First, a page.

The human element
Human activities, of course, could also play a role. Lodge and Deschner, whose house on Granite Avenue was virtually destroyed on Oct. 9, filed suit in late October against the state of Montana, claiming that a culvert under Highway 3 atop the Rims, installed by the Department of Transportation, directs water to flow into a crack in the Rims where the slab above their home eventually peeled off.
The lawsuit also names the city of Billings, which owns the parkland encompassing that stretch of the Rims, and their insurer, Brickley Insurance Agency. The suit says the insurer has not made a determination on whether they are entitled to coverage because “an expert analysis of the incident” has not yet been completed.
Barry Conver, with Conver and Winchell Insurance in Billings, said people living under the Rims would need to add “earth-movement coverage” to their policies. That would cover earthquakes, landslides and rock falls. He recalled one client from seven or eight years ago who bought a house with a backyard full of boulders and was told that earth-movement insurance would cost an extra $400 a year.
“I think he put it on for a year or two and then took it off,” Conver said. “A lot of people see it (the danger of falling rocks) like a flood and say, 'I'm not going to pay for flood coverage.' ''
Conver offered some simple advice: “Anyone who lives under the Rims needs to have a conversation with their insurance agent.”
Billings Mayor Tom Hanel, who is also a real estate agent, likewise had some advice for people looking at a house beneath the city's most distinctive natural feature. He suggests thoroughly investigating the property from below and above, looking at the likelihood of rock falls, and he also recommends getting advice from a structural engineer.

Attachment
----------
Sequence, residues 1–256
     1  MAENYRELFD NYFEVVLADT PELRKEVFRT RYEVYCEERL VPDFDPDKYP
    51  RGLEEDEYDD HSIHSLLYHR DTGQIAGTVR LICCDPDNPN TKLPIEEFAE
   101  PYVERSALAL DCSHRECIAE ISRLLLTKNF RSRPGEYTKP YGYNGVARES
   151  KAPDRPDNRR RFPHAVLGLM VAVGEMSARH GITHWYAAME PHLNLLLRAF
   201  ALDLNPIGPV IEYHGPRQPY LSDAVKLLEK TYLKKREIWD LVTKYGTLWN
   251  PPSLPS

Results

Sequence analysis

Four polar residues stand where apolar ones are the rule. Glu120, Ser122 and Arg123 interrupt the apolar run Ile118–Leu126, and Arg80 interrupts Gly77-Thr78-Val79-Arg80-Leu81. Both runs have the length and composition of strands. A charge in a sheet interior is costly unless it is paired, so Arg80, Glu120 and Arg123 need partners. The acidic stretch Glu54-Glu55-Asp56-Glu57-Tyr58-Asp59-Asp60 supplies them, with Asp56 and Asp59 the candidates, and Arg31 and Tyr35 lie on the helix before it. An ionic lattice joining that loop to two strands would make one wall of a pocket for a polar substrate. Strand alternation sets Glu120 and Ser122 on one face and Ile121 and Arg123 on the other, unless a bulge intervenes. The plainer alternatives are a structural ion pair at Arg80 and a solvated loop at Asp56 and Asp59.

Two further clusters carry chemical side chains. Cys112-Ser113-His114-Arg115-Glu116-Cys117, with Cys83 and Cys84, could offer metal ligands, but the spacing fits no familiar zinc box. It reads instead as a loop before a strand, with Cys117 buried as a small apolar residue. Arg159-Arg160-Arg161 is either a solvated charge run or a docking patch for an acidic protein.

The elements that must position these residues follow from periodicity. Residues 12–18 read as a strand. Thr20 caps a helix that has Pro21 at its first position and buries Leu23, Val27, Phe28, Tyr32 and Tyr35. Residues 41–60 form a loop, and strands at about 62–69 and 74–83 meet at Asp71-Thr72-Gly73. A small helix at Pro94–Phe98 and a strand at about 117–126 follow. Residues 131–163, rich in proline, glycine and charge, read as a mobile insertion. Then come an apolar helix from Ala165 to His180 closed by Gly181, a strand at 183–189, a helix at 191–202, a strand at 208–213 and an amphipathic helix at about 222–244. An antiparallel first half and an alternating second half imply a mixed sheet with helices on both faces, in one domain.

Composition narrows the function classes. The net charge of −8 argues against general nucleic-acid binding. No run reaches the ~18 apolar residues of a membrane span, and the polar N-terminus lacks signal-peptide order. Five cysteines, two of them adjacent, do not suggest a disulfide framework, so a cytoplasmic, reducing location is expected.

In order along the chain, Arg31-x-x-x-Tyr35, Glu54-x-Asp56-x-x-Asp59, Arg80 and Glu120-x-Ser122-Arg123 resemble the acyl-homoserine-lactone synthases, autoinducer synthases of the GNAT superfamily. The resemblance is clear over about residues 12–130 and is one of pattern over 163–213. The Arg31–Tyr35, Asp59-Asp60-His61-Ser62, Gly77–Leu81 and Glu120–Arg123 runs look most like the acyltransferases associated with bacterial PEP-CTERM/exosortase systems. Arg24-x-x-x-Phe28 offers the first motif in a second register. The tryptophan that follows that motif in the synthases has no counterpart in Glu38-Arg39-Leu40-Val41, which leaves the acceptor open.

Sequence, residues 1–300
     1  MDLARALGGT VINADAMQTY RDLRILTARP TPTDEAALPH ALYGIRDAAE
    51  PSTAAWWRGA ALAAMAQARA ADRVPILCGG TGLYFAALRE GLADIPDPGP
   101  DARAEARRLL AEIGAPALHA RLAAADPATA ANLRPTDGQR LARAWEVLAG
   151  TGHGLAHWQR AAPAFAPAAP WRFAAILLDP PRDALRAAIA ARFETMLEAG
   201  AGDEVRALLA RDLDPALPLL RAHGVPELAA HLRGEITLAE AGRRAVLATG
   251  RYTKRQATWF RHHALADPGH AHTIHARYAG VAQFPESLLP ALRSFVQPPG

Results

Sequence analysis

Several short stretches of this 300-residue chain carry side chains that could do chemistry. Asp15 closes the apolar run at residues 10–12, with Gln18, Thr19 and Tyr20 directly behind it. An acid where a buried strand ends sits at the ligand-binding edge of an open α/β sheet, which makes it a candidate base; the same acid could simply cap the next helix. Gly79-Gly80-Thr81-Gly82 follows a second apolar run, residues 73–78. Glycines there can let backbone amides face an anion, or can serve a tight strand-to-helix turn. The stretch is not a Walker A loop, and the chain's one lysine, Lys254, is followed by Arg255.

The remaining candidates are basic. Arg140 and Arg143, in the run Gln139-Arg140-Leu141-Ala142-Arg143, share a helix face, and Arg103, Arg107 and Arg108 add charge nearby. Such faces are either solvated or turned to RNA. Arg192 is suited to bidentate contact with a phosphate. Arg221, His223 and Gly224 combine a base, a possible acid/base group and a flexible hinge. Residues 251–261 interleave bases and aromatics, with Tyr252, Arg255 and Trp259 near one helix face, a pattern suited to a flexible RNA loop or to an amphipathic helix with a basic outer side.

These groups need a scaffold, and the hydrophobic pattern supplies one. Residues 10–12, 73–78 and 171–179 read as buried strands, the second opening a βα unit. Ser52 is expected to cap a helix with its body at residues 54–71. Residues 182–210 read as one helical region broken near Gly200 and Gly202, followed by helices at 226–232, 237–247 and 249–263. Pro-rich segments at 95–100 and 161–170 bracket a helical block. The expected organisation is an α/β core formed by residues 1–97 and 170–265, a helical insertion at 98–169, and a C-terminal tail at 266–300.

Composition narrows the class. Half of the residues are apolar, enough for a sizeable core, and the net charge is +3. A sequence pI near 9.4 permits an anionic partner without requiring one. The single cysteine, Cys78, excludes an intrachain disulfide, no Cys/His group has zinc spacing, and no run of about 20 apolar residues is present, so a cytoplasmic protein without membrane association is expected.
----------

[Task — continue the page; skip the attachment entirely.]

Hanel said he always tells potential buyers of the hazards of living near the Rims. “I go one step further and have them sign a disclosure statement,” he said.
Asked if such disclosures are standard practice, Hanel said, “I hope so, because there's a great amount of risk that lies with the real estate agent who doesn't make the proper disclosures.”
Candi Beaudry, director of the city-county Planning Department, said there are no setback requirements from the Rims in subdivision or zoning regulations, but geotechnical reports are required for all subdivisions and building permit applications. In a development near the Rims, standard wording in the Subdivision Improvements Agreement would say: “Lot owners should be aware that there exists a potential for rock falls or slides within the subdivision due to the proximity of the Rims.”
Doug Clark, a geologist who sits on the Yellowstone County Planning Board, said he wasn't sure how significant such a warning is.
“How many people when they move in there read the Subdivision Improvements Agreement, I can't tell you,” he said. “Probably not very many.”
The price of solitude
In some cases, the very signs of potential danger are what make the lots so attractive.
Wayne Nelson lives near the top of Ronan Drive, a few blocks east of Montana State University Billings. Much of his backyard is occupied by a house-size rectangular chunk of sandstone that actually rises above his house.
“That's why we bought the house about five years ago,” he said. “My wife called me at work and said, 'You've got to see this house.' And this” — he gestured toward the giant rock — “is what we were looking at.”
Nelson said when he thinks of where he lives, he thinks of the peace and quiet, and of the micro-climate created by the massive presence of the Rims.
Even if another slab were to fall off the Rims, he said, it would have to take out his neighbor's house and somehow get past the giant slab in his backyard. He calls it his “bumper.”
Contact Ed Kemmick at firstname.lastname@example.org or 657-1293.